If it plays a bit then “locks up” maybe you should read this:

Scroll down to where fungus talks about supplying 3.6v to the module.
Here is a schematic showing how to get the 3.6v:

How are you wired up? Can you show a pic of the connections?
Did you connect it like shown in the second post of this thread?
Aside from your //comments which would lead to error and the fact that you are turning the amp off immediately after the sound starts your function looks ok.
How are you wired up? Can you show a pic of the connections?

edit:Also try this:

void PlayVoiceOne() {
        Serial.println("amp on start ");
        digitalWrite(AMPpin, HIGH);
        delay(1000);
        Serial.println("amp on complete ");
        Serial.println("play start");
       wtv020sd16p.playVoice(0); // Added this
       wtv020sd16p.asyncPlayVoice(1);
       // this is where it locks up
        Serial.println("play done");
        Serial.println("amp off start");
        digitalWrite(AMPpin, LOW);
        Serial.println("amp off end");
}

This sketch plays track 1 start through finish for me I just tried it:

#include <Wtv020sd16p.h>

int resetPin = 2;  // The pin number of the reset pin.
int clockPin = 3;  // The pin number of the clock pin.
int dataPin = 4;  // The pin number of the data pin.

/*
Create an instance of the Wtv020sd16p class.
 1st parameter: Reset pin number.
 2nd parameter: Clock pin number.
 3rd parameter: Data pin number.
 */
Wtv020sd16p wtv020sd16p(resetPin,clockPin,dataPin,busyPin);

void setup() {
  //Initializes the module.
  wtv020sd16p.reset();
  delay(100); // needed after reset
  wtv020sd16p.playVoice(0);
  //Plays asynchronously an audio file.
  wtv020sd16p.asyncPlayVoice(1);
}

void loop() {
// Nothing here
}

Elac,

Sorry, I kinda scrapped everything yesterday and started over from scratch. I completely understand what you are talking about now. What was happening is this, When I said it would ‘lock up’ I meant that it would play the sound, and then it would ‘hang’ for a very long time. (I put LED indicators before each one of the commands as well as serial print to kinda debug it). The code has a lot of other stuff in there, most of it crap that I was playing with, and I kind of made the decision if i was going to clean all of the junk code and comments out of it, I might as well start over from scratch.

~Doc

Ok, sometimes a fresh start is the best. Good luck.

I have a problem with this library the way it is written:

void Wtv020sd16p::sendCommand(unsigned int command) {
  //Start bit Low level pulse.
  digitalWrite(_clockPin, LOW);
  delay(2);
  for (unsigned int mask = 0x8000; mask > 0; mask >>= 1) {
    //Clock low level pulse.
    digitalWrite(_clockPin, LOW);
    delayMicroseconds(50);
    //Write data setup.
    if (command & mask) {
      digitalWrite(_dataPin, HIGH);
    }
    else {
      digitalWrite(_dataPin, LOW);
    }
    //Write data hold.
    delayMicroseconds(50);
    //Clock high level pulse.
    digitalWrite(_clockPin, HIGH);
    delayMicroseconds(100);

   //HERE IS MY PROBLEM
    if (mask>0x0001){
      //Stop bit high level pulse.
      delay(2);      
    }


  }
  //Busy active high from last data bit latch.
  delay(20);
}

Won’t mask be > 0x0001 for all 16 loops? Won’t it delay 2ms + 100us for every pulse to the chip?

Also the data sheet shows the busy line drooping low when the voice goes high. Why is the library looping while busy is high and waiting for busy to go low in the playVoice routine?

void Wtv020sd16p::playVoice(int voiceNumber){  
  sendCommand(voiceNumber);
  _busyPinState=digitalRead(_busyPin);
  while(_busyPinState==HIGH){
    _busyPinState=digitalRead(_busyPin);
  }
}

ljbeng:
I have a problem with this library the way it is written:

  for (unsigned int mask = 0x8000; mask > 0; mask >>= 1) {

Won’t mask be > 0x0001 for all 16 loops?

It will start at 0x8000 (high bit set) and work down one bit per loop.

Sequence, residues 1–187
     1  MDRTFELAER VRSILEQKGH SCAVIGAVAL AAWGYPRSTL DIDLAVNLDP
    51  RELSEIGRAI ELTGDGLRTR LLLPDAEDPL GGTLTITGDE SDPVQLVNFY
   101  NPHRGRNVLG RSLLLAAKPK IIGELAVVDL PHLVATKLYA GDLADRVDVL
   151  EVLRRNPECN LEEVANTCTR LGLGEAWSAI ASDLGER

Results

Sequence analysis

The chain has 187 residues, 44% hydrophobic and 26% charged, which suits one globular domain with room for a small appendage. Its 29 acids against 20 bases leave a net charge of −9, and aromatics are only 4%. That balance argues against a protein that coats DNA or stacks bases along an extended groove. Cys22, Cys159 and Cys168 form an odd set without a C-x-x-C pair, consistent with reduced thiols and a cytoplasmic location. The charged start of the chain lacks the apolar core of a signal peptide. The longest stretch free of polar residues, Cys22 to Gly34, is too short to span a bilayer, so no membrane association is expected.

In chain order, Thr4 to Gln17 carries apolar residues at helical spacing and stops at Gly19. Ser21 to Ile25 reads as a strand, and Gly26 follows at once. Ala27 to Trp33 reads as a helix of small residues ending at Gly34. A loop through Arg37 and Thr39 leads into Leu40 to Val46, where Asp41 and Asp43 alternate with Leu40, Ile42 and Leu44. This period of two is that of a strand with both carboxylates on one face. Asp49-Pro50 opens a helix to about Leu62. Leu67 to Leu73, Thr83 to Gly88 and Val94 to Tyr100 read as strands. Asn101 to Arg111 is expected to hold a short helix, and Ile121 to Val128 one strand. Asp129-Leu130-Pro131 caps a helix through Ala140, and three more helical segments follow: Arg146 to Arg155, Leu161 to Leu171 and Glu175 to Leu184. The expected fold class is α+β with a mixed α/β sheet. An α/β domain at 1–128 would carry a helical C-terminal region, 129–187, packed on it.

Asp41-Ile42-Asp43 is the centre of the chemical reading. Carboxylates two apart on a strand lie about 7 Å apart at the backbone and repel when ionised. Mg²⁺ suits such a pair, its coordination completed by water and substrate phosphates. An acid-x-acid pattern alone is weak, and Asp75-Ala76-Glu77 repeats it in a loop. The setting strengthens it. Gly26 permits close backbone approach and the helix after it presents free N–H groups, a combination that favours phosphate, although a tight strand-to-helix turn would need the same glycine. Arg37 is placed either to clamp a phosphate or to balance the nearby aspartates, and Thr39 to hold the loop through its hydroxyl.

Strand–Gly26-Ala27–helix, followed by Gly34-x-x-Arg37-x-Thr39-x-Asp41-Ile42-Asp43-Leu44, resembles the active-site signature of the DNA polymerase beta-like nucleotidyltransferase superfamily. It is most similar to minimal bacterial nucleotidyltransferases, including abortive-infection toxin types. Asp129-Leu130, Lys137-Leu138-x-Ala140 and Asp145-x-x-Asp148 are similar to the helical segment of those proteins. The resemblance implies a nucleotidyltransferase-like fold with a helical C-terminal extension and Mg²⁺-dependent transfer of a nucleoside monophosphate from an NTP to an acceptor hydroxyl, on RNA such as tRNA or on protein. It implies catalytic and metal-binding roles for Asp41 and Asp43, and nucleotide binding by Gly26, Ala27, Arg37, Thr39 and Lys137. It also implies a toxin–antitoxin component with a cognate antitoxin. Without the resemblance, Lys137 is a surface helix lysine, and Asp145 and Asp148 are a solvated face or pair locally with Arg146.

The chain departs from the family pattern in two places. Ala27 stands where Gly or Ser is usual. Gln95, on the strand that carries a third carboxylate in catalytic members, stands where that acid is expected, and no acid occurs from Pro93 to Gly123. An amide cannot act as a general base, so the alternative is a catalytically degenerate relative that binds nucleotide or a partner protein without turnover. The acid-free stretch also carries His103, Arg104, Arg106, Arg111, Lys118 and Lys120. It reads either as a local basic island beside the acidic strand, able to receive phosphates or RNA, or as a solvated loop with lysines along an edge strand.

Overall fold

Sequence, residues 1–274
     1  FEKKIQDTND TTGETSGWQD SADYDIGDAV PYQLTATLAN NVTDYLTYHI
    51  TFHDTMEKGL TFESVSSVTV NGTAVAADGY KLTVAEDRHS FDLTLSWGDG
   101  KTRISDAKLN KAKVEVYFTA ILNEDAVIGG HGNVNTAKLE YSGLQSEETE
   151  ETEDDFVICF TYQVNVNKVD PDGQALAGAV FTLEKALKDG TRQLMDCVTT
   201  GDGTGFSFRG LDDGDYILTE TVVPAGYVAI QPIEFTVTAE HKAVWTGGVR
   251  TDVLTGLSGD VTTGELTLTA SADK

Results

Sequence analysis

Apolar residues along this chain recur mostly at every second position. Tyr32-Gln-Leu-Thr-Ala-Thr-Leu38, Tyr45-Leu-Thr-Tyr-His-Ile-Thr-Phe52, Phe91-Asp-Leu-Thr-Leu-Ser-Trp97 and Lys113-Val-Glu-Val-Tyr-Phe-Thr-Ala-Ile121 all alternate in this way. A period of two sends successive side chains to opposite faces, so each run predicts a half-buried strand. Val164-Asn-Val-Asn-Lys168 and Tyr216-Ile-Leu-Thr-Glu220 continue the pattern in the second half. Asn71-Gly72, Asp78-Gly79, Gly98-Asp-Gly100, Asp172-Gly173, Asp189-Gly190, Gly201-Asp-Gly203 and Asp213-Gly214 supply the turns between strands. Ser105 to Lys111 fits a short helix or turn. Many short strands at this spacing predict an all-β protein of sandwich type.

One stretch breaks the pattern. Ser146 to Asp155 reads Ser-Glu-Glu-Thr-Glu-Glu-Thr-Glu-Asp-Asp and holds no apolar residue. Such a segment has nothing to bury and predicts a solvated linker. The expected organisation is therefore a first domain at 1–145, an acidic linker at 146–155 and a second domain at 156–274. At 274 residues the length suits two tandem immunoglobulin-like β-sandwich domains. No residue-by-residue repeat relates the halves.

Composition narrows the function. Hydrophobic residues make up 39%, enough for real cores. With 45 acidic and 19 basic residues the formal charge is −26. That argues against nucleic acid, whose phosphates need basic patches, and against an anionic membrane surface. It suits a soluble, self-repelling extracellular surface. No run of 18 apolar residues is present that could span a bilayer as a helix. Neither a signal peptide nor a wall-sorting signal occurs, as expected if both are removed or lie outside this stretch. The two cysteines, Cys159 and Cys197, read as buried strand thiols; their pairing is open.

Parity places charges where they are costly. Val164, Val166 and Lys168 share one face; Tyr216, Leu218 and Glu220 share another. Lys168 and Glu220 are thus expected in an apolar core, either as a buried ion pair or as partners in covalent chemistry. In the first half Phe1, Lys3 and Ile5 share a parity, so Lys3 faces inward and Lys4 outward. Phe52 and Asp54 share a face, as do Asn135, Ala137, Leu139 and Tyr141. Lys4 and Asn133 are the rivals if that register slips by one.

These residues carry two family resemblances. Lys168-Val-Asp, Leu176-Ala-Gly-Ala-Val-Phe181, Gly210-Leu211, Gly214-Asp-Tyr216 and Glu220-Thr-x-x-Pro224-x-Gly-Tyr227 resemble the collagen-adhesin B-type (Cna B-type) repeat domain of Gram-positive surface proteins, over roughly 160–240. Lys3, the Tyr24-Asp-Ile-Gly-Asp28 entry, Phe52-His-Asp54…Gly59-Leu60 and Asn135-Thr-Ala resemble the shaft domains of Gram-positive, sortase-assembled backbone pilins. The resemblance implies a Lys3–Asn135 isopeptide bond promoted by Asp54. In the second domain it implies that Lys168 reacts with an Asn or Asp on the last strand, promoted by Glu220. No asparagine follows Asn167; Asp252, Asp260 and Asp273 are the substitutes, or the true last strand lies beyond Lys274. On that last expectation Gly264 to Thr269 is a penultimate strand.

Things like this you can test in a sketch that only has code in setup() to test the one thing you want to see.

It’s not the most efficient code with those delays. Do you want to rewrite it?

I see that but look at the last few lines before the for loop is repeated....

    delayMicroseconds(100);

   //HERE IS MY PROBLEM
    if (mask>0x0001){
      //Stop bit high level pulse.
      delay(2);      
    }

the delay(2) will be executed on each loop.

I did have to rewrite this code... in assembly (for an older product with an obsolete ISD chip) . I only call the delay(2) on the last loop when mask==0x0001...(but in assembly)

;*******Clocks in commands to the sparkfun wave player
clockcmmd   setb        a3
        setb        pdisd
        clrb        a4
        mov     temp3,#2        ;wait 2ms
        call        waitms
        mov     count,#8
:rrh        clrb        a4
        call        wait50us        ;50 us delay
        movb        a3,commandh.7   
        call        wait50us        ;50 us delay
        setb        a4                  
        call        wait50us        ;50 us delay
        call        wait50us        ;50 us delay
        rl      commandh
        djnz        count,:rrh
        mov     count,#8
:rrl        clrb        a4
        call        wait50us        ;50 us delay
        movb        a3,commandl.7   
        call        wait50us        ;50 us delay
        setb        a4                  
        call        wait50us        ;50 us delay
        call        wait50us        ;50 us delay
        rl      commandl
        djnz        count,:rrl
        setb        a3
        mov     temp3,#2        ;wait 2ms
        call        waitms
        ret

RL, is that rotate left? I thought it was ROL or RCL (rotate left with carry) Do you have a complete ASM cheat sheet?

Edited: Never mind, RL is rotate accumulator left.

ljbeng: I see that but look at the last few lines before the for loop is repeated....

    delayMicroseconds(100);

   //HERE IS MY PROBLEM     if (mask>0x0001){       //Stop bit high level pulse.       delay(2);          }




the delay(2) will be executed on each loop.

I don't know what this hardware needs but to do the same as your assembly for a different chip example only needs the if (mask>0x0001){ to be if (mask == 0x0001){

The comment says it's for a stop bit so maybe check where stop bits are needed?

It would be nicer if instead of delays the library let go of the code and pick back up when the time was right but that would be a Major Rewrite rather than a small tweak.